In a film noir, it’s an even bet that love will kill you. Afterglow? More like aftergloom. Relationships start with tendrils of smoke, curling upwards from the end of a cigarette—and, more likely than not, they’ll end up as smoke, too, poetic plumes of it trailing from a warm gun.
William Wyler’s The Letter (1940) begins with just such an ending, what you might call a bad breakup. Because it’s Bette Davis bidding adieu, that parting kiss comes in six installments of lead.
As I wrote a few days ago, there’s something intrinsically romantic about noir, something wounded and torn apart by passion gone very wrong. And that something is what The Letter has in spades.
From the first shot, that baleful, cloud-wreathed moon, Wyler orchestrates a kind of celluloid trance. The sequence resonates with mystical note, as though the rules of life, the laws of the universe, had been temporarily suspended.
Tomorrow, hell, even 5 minutes from now, the lies, the conventions, the pretenses will resume their importance. For tonight, however, some celestial guardian was struck with absentmindedness and forgot to lock up the demons. Through it all, that lurid, opalescent moon winks from behind its clouds as though she’s in on the morbid joke.
A restless, roving camera movement—following the monotonous drip-drip-drip of milky rubber tree sap, creeping around the Singapore plantation, peering in at the native workers—makes the air tingle with imminence, with the stillness that signifies something dire just about to happen. And happen it does.
A shot rings out, shattering the humid hush of the tropical night. No cut, but a cockatoo flaps away. The camera ambles on a bit then stops as if prompting the thought, “Did I really just hear that?” In the distance, we see two indistinct figures in the doorway of the plantation. More shots ring out.
With cameraman Tony Gaudio, Wyler meticulously choreographed the long takes that pull the viewer into the mystery and drama of The Letter. As the director recalled:
“The script said something like, ‘You hear a gunshot and you see a woman coming out to shoot a man.’ I thought the shot should shock you. To get the full impact of it I thought everything should be very quiet. At the same time I wanted to show where we were—in a single camera move.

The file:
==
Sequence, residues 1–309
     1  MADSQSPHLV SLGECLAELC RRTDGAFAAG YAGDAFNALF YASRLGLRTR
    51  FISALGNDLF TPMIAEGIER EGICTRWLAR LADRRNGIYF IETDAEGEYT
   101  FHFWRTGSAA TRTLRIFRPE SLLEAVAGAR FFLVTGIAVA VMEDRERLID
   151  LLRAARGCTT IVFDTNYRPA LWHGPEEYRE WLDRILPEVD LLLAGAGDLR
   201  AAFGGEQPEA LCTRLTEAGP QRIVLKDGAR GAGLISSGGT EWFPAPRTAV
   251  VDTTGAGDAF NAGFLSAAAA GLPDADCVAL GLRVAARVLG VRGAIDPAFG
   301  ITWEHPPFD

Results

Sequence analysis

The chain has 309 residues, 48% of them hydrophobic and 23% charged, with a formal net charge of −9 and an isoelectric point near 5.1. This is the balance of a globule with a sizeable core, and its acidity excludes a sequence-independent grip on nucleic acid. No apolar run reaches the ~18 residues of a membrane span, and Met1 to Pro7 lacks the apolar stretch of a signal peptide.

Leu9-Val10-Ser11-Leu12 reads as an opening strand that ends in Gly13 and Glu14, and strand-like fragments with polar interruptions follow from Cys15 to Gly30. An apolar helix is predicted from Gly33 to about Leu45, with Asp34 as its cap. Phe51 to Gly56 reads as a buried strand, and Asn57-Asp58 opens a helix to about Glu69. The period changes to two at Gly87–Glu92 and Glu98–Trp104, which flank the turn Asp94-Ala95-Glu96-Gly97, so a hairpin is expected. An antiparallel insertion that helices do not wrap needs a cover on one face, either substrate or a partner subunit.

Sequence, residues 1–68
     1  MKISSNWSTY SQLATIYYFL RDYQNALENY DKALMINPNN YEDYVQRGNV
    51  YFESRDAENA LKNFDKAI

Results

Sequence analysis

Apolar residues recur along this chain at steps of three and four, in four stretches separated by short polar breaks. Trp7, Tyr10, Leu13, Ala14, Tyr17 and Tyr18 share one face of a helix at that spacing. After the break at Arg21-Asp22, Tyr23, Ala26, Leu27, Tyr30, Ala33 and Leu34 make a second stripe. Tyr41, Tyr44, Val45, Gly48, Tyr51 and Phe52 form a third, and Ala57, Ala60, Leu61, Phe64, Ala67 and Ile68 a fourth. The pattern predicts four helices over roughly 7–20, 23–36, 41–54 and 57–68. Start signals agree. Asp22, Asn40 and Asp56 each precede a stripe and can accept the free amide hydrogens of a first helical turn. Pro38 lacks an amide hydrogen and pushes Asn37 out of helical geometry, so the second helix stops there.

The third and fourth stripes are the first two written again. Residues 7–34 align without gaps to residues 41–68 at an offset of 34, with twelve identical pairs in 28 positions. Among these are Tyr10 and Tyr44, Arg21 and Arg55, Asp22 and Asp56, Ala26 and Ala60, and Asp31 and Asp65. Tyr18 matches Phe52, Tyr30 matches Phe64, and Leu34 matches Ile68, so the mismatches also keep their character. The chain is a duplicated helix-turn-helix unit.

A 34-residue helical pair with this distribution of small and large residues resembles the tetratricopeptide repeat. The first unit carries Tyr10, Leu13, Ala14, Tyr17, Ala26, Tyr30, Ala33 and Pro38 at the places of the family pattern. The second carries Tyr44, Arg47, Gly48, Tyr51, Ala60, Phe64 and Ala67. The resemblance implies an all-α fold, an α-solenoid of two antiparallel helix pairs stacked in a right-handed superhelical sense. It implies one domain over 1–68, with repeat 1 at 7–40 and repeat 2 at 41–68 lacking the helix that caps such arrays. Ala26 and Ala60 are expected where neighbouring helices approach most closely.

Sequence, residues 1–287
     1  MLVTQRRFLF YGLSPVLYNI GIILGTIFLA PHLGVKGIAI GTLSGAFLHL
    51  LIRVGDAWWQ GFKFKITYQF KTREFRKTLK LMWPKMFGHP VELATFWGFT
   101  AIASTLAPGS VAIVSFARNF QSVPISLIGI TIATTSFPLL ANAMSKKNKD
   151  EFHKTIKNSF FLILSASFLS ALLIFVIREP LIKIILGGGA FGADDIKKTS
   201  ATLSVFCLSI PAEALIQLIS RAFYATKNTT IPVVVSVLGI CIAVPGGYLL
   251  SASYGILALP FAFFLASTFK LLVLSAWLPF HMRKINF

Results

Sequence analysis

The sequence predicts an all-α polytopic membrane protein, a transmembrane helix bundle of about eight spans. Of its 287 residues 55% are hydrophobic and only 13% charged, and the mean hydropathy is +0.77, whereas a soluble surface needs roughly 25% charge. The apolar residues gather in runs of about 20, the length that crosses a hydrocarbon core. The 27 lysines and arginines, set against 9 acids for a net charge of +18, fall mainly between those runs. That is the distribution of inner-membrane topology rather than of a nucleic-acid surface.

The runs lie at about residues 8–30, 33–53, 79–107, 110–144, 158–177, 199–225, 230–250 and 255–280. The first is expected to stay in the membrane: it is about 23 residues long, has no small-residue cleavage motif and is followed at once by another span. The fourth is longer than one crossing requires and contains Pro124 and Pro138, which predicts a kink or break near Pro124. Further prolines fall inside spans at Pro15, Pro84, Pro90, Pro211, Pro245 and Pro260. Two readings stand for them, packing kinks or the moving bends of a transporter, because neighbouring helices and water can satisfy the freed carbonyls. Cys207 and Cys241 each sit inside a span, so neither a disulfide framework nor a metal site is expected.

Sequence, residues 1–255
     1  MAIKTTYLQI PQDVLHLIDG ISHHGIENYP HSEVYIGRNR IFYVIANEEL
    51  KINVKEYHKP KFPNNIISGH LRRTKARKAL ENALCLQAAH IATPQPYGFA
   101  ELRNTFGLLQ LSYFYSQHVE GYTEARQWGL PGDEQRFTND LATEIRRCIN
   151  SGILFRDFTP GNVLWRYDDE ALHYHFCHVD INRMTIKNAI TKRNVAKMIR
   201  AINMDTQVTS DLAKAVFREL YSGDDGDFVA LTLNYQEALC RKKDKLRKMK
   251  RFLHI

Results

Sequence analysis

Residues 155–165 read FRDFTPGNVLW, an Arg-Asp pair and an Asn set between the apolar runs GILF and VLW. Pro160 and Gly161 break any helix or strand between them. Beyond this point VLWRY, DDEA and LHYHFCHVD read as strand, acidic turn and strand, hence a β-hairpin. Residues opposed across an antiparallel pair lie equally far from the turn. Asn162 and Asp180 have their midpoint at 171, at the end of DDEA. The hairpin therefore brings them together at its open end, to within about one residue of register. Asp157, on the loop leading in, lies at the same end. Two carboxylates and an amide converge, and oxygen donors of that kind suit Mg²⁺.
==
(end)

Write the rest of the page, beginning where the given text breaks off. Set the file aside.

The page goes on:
“This two-minute sequence was all we did the first day [of shooting]. And since all of this was not in the script, we ended the day with only a quarter of a page filmed. Normally you’re supposed to do three or four pages a day. Jesus, the whole studio was in an uproar. But when they saw the shot they didn’t mind.”
Yeah, I’ll bloody bet they didn’t.
In contrast to the languor of that traveling shot, once the gunplay takes hold on reality Wyler cuts rapidly through 4 shots that last little more than a second. Sleeping dogs jump to attention. Natives sit up in their hammocks.
Then we see Leslie Crosby, charging on to the porch like a Fury in a tea gown, emptying her pistol into her ex-lover. He’s dead. It’s done. But the camera isn’t finished with her. It approaches her gently yet probingly, ending on a closeup of her hard, unreadable expression.
We have a moment to catch our breath, to process the violence, to realize that we don’t know what to make of this woman who kills with such élan then freezes without any conspicuous remorse.
In the series of shots that follow, the moon hides behind the clouds then emerges to dazzle Leslie, snapping her out of her momentary paralysis. She gapes up at the sky with the look of a madwoman as the enormity of her actions sinks in.
Most old Hollywood movies want you to take light for granted, just lap it up as part of the general splendor while you devote your attention to the plot. In film noir, light and darkness are themselves characters, and usually pretty nasty ones at that, taunting both the viewer and the exquisitely tragic denizens of the story world. (One thinks of Gene Tierney squinting into the police lamp in Laura or Janet Leigh breaking a lightbulb to escape the border town peeper and his flashlight in Touch of Evil.) Light and dark are exhibitionists in the noirverse.
In The Letter, the moon’s decadent, flashing beauty signals to Leslie Crosby that the Night of No Rules is over. But getting the demons back in their cage won’t be so easy.
(Wyler quote from Jan Herman’s A Talent for Trouble: The Life of Hollywood’s Most Acclaimed Director, William Wyler.)